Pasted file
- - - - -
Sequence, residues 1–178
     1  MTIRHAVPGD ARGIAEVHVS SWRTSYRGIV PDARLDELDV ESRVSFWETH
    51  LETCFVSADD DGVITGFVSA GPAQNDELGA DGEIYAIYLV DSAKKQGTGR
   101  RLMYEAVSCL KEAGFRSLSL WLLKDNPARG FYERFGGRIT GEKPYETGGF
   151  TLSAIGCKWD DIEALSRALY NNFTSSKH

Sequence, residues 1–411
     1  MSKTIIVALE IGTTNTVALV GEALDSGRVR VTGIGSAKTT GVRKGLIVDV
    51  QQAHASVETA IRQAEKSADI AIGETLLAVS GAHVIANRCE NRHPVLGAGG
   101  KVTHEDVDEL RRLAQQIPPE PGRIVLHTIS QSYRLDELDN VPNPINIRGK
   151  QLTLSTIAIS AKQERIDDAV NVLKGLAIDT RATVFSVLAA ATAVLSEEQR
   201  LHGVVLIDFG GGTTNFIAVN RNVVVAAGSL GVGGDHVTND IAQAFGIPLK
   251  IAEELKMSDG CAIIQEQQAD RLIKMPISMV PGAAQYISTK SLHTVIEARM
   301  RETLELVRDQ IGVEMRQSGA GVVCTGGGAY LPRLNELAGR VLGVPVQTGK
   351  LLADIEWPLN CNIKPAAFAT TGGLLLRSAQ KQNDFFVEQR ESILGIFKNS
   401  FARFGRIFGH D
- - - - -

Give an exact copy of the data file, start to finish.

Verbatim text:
Sequence, residues 1–178
     1  MTIRHAVPGD ARGIAEVHVS SWRTSYRGIV PDARLDELDV ESRVSFWETH
    51  LETCFVSADD DGVITGFVSA GPAQNDELGA DGEIYAIYLV DSAKKQGTGR
   101  RLMYEAVSCL KEAGFRSLSL WLLKDNPARG FYERFGGRIT GEKPYETGGF
   151  TLSAIGCKWD DIEALSRALY NNFTSSKH

Sequence, residues 1–411
     1  MSKTIIVALE IGTTNTVALV GEALDSGRVR VTGIGSAKTT GVRKGLIVDV
    51  QQAHASVETA IRQAEKSADI AIGETLLAVS GAHVIANRCE NRHPVLGAGG
   101  KVTHEDVDEL RRLAQQIPPE PGRIVLHTIS QSYRLDELDN VPNPINIRGK
   151  QLTLSTIAIS AKQERIDDAV NVLKGLAIDT RATVFSVLAA ATAVLSEEQR
   201  LHGVVLIDFG GGTTNFIAVN RNVVVAAGSL GVGGDHVTND IAQAFGIPLK
   251  IAEELKMSDG CAIIQEQQAD RLIKMPISMV PGAAQYISTK SLHTVIEARM
   301  RETLELVRDQ IGVEMRQSGA GVVCTGGGAY LPRLNELAGR VLGVPVQTGK
   351  LLADIEWPLN CNIKPAAFAT TGGLLLRSAQ KQNDFFVEQR ESILGIFKNS
   401  FARFGRIFGH D